In Spring (October to November), the orange trees of the surrounding citrus farms are in full blossom. Stopping for lunch in Grahamstown at the Red Café, this amazing historical town is known by many as the "Settler City", or the "City of Saints", due to the many churches in the town. Its Victorian charm and beautiful unspoiled countryside is a retreat from the awe-inspiring N2 route to Port Elizabeth.
After lunch, you ride to King Williams Town before spending two nights at the famous Addo National Park. Although King William's Town is a small rural town, it is considered one of the most interesting towns to visit in the Eastern Cape Province. Lying about 50 kilometers west of East London, King William's Town is renowned for its beautiful stone buildings, many of which also date back to the Frontier Wars.
The Amatole Museum is interesting, as it boasts the world's largest collection of mammals, including the body of the legendary Huberta - the much loved hippo who in the early 1900's walked more than 1500 kilometers from KwaZulu-Natal to the Eastern Cape, only to be shot dead by hunters one month later!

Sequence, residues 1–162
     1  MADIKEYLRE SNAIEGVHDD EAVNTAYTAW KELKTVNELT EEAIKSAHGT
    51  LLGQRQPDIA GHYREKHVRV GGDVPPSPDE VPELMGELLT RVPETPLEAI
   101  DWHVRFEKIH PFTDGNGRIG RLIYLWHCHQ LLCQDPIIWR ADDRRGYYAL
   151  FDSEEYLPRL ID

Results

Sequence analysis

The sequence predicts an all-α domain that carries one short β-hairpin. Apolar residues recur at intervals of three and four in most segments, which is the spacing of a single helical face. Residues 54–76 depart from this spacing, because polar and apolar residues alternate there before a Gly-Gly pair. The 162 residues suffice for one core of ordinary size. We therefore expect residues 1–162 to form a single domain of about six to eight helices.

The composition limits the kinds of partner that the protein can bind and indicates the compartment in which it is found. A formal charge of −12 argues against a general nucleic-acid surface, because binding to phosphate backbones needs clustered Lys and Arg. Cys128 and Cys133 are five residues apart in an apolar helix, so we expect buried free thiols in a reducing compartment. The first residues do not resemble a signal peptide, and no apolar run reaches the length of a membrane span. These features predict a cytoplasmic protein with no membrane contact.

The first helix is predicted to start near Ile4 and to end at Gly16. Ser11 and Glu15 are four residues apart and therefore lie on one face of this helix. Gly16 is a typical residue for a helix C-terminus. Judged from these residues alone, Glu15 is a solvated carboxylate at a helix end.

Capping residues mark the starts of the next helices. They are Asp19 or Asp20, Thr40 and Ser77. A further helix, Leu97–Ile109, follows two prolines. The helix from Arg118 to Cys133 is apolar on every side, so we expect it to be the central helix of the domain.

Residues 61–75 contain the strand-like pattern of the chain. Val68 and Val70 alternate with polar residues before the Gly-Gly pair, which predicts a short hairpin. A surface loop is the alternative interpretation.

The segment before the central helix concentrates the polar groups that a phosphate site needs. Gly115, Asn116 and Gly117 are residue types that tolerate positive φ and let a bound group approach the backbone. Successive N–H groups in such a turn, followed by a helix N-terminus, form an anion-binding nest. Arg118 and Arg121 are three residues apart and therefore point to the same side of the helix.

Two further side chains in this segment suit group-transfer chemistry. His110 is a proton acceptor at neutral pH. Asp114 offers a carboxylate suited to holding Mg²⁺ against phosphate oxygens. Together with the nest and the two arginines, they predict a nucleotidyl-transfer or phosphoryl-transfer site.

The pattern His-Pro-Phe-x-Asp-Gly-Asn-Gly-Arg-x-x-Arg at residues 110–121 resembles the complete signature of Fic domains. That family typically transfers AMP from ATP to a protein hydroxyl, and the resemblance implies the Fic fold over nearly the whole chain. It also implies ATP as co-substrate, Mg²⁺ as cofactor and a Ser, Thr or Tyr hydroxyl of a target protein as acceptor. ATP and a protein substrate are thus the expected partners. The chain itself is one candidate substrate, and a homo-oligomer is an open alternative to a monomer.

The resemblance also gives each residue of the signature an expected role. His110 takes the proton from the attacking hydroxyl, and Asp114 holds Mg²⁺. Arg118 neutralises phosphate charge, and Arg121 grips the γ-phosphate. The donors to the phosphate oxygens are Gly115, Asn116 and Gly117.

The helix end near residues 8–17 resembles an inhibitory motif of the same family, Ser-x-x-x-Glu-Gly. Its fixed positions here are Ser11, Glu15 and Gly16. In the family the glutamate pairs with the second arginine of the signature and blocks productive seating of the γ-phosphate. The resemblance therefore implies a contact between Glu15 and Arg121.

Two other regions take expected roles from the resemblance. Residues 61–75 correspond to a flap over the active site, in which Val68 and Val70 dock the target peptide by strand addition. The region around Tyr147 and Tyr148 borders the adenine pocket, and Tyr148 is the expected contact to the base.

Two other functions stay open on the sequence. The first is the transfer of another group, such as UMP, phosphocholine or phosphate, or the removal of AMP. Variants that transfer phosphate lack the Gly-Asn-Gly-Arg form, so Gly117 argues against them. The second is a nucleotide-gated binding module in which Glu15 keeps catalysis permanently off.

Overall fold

Your second day in Kuzuko, you enjoy more game drives to look for the Big Five and night drives in to the bush to discover whole new world. The lodge offers guided bird watching. The wellness center on site provides relaxing treatments for guests who want to relax after a day of outdoor activities (extra cost). All meals are included as well as two game drives per day at Kuzudo Lodge.
Today, you begin along the Garden Route to Storm River, stopping at Jeffrey’s Bay for lunch at the Brewhaha Craft Beer Restaurant. Shortly after arriving at Storms River Village, you depart into the indigenous forest. Your two-hour tour includes a visit to the Big Tree. The tour is fully guided and refreshments are served halfway.